Consequently, in zone (I) of FIG. 2b, when WX develops in the increasing part K1 of curve (K) with a positive derivative dWX/dt, the result is a negative variation Δα of the incidence α (carrier effect). On the other hand, in zone (II) of FIG. 2b, when WX follows the decreasing curve part K2 with a negative derivative dWX/dt, there follows a positive variation Δα of the incidence α (off-setting effect).
Similarly to what precedes, if the speeds VSOL, WX, WZ and VTAS are composed in the case of X behaving as a tail wind (cf. FIG. 3c), it is ascertained that, if WX increases in amplitude, the aerodynamic incidence α increases and vice versa.
Consequently, in zone (II) of FIG. 2b, when WX follows the decreasing curve part K3 with a negative derivative dWX/dt, the result is a positive variation Δα of the incidence α (off-setting effect). On the other hand, when WX follows the increasing part K4 of the curve (K), the derivative dWX/dt is positive and the variation Δα of the incidence α is negative (carrier effect).
Thus, in all cases, it is observed that, when dWX/dt is positive, Δα is negative, and vice versa.
From the foregoing, and in particular from the comparison of FIGS. 3a, 3b and 3c, it follows that the encounter of the aircraft 2 with a mini-tornado 1 firstly brings about a decrease in the aerodynamic incidence α of said aircraft, followed by a considerable increase of said incidence.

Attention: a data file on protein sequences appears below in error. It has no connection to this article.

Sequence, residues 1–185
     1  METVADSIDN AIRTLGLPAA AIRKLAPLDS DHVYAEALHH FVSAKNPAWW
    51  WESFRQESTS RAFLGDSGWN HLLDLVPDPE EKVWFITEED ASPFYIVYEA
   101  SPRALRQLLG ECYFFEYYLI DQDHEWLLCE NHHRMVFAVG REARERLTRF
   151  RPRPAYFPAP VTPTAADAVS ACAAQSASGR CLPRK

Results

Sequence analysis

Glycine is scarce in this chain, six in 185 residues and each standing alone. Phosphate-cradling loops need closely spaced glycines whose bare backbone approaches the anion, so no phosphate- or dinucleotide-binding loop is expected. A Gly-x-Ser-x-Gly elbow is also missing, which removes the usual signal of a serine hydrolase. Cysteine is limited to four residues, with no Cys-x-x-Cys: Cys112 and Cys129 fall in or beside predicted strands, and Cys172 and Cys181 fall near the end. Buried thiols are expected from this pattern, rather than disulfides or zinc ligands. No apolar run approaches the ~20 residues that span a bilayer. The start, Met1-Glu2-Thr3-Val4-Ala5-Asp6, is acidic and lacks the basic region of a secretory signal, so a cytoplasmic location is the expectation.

Moreover, these FIGS. 3a to 3c show that WX is equal to the difference between the projections on the horizontal axis (or line of horizon 10) of the aerodynamic speed VTAS and of the speed VSOL with respect to the ground and that, similarly, WZ is equal to the difference between the projections on the vertical axis OZ of the speed VSOL and of the aerodynamic speed VTAS. VXSOL and VZSOL respectively designate the projections of VSOL on axis OX and on axis OZ.
The system according to the invention, shown schematically in FIG. 4, comprises a computer device 11 capable of determining, at each instant, the speeds of the horizontal wind and of the vertical wind received by the aircraft 2, and therefore the components WX and WZ when the latter encounters the tornado 1. To that end, the computer device 11 receives, for example:
the aerodynamic speed VTAS coming from the anemometric system 12 provided on board the aircraft 2;
the VXSOL and VZSOL components (the latter component being the vertical baro-inertial speed) of the speed VSOL of the aircraft 2 with respect to the ground, delivered by the inertial system 13 on board;